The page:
The Anarchy of Paidia
Ultimate Game Player Survey

Roger Caillois' Patterns of Play

First published on Chris Bateman’s blog, Only A Game on 26th May 2006

In his 1958 book Les Jeux et Les Hommes (usually translated as Man, Play and Games), the noted sociologist and intellectual Roger Caillois introduced a terminology for considering patterns in games. He used the term 'game' in a very wide manner, applying it to all play activities. This is a partial consequence of his native language, French, where the term 'jeux' and 'jouer' express the concepts of both play and game in English.

Caillois' interest in games was sociological: the second half of Les Jeux et Les Hommes is a fascinating account of how societies relate to the patterns of play he identified, and is fascinating reading. However, the principle value of Caillois' work for modern game design is that his framework for considering games provides us a unique perspective for examining play.

The term 'patterns of play' was not used by Caillois, but I have coined it to provide a means to refer to the system. Caillois was keen to observe that it is not intended as a taxonomy.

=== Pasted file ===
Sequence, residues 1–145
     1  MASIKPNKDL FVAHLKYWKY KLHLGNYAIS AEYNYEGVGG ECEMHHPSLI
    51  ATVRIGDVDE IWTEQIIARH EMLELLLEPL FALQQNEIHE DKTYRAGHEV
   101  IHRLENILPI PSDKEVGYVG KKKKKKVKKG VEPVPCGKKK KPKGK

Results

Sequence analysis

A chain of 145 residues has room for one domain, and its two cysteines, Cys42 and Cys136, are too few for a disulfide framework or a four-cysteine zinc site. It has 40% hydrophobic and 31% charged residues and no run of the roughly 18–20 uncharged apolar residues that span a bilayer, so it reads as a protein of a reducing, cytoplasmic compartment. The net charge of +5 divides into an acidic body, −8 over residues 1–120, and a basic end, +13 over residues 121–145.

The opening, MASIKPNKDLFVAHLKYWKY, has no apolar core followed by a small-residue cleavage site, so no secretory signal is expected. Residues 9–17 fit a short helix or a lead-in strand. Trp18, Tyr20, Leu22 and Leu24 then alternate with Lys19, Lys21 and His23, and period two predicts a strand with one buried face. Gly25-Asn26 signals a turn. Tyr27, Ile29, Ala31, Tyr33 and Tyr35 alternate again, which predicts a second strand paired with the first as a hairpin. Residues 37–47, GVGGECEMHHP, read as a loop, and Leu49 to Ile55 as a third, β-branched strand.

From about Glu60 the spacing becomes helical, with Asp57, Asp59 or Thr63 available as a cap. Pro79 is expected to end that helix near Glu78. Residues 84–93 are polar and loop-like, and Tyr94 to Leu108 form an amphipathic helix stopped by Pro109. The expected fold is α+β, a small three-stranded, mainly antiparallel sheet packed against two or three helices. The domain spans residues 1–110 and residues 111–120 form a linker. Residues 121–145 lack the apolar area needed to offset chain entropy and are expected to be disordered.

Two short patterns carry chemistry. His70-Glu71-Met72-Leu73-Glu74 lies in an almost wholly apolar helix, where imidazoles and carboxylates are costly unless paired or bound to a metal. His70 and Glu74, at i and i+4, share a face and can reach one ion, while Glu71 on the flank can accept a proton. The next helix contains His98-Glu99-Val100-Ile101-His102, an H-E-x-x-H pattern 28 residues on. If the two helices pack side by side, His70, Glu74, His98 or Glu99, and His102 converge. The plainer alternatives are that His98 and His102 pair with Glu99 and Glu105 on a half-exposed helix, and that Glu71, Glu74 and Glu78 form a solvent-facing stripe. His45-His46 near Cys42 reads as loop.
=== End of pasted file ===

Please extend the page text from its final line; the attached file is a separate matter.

The elements of the system are as follows. Firstly, there are four patterns of play:

Additionally, Caillois suggests that games can be considered to lie at various points on an axis between free creativity and rule-bound complexity:

Caillois' built upon prior work by Johan Huizinga, considered one of the founders of modern cultural history.


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Oops! Most links are broken here ^ Looks like due to an URL change structure.

this is great. I would add however, games of cooperation to the taxonomy. ther are folks out there doing interesting work in game design for team building and instruction on conflict resolution

Remy: thanks - fixed! :)

Tim: just to be clear, this isn't a taxonomy; Roger Caillois was very clear that he didn't think that this was a complete and exhaustive categorisation system (and indeed expressly said that it wasn't a taxonomy).

If you wanted to turn it into a taxonomy, you'd have to add quite a lot of other things into the picture. Still, for when it was written, Caillois' book does a really good job of exploring the territory of play.

Thanks for your comment!

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